Chapter 53. Wear and Related Evaluations of Partially Stabilized ZrO2

  1. William Smothers
  1. R. W. Rice and
  2. C. Cm. Wu

Published Online: 26 MAR 2008

DOI: 10.1002/9780470320280.ch53

Proceedings of the 9th Annual Conference on Composites and Advanced Ceramic Materials: Ceramic Engineering and Science Proceedings, Volume 6, Issue 7/8

Proceedings of the 9th Annual Conference on Composites and Advanced Ceramic Materials: Ceramic Engineering and Science Proceedings, Volume 6, Issue 7/8

How to Cite

Rice, R. W. and Wu, C. Cm. (1985) Wear and Related Evaluations of Partially Stabilized ZrO2, in Proceedings of the 9th Annual Conference on Composites and Advanced Ceramic Materials: Ceramic Engineering and Science Proceedings, Volume 6, Issue 7/8 (ed W. Smothers), John Wiley & Sons, Inc., Hoboken, NJ, USA. doi: 10.1002/9780470320280.ch53

Author Information

  1. Naval Research Lab Washington, DC 20375–5000

Publication History

  1. Published Online: 26 MAR 2008
  2. Published Print: 1 JAN 1985

ISBN Information

Print ISBN: 9780470374337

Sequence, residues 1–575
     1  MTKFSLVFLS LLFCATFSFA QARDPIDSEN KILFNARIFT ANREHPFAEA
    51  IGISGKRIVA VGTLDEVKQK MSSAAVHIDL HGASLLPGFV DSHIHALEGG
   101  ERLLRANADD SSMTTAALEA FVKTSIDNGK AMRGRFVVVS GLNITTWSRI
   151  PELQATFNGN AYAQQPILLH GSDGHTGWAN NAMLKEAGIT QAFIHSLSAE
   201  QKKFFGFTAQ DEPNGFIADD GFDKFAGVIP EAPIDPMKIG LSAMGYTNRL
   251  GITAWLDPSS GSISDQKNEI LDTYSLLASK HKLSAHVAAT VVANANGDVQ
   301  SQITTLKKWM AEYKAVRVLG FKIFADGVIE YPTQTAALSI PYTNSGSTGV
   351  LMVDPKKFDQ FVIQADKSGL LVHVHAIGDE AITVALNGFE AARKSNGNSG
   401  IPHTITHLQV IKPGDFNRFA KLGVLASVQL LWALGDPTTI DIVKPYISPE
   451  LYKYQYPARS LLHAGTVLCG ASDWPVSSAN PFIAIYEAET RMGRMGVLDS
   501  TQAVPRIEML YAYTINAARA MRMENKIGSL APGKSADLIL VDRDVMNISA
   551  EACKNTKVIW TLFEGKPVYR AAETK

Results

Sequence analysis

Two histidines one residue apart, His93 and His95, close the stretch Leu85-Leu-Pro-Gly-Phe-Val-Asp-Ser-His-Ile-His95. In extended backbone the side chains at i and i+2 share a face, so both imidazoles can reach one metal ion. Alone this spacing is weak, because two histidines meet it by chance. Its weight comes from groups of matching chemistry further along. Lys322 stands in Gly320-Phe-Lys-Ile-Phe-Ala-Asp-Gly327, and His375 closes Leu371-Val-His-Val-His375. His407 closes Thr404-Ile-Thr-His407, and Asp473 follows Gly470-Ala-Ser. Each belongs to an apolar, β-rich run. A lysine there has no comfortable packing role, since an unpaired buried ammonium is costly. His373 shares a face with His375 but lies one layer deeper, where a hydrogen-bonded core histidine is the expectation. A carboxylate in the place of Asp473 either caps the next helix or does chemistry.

Online ISBN: 9780470320280

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Keywords:

  • POD;
  • PSZ;
  • stabilizer;
  • pin-on-disk;
  • microcracking

Summary

Pin-on-disk (POD) testa show partially stabilized ZrO2 (PSZ) crystals to have about the same wear as fully stabilized ZrO2 crystals until stabilizer contents are low enough (e.g., 4–5 wt % Y2O3) so that some monoclinic ZrO2 is present. Then wear increases substantially as stabilizer content is further reduced, and monoclinic content increases. Tests of PSZ-crystal cutting tools have not proved particuarly successful, and rolling-contact fatigue tests of various PSZ materials showed them to be poor candidates for rolling-element bearings, with the latter results indicating a Petch-type dependence. Possible reasons for such limited or poor performance of PSZ, despite its good toughness, are discussed. Poor performance with concentrated loads is noted in particular, indicating limitations due to plastic flow.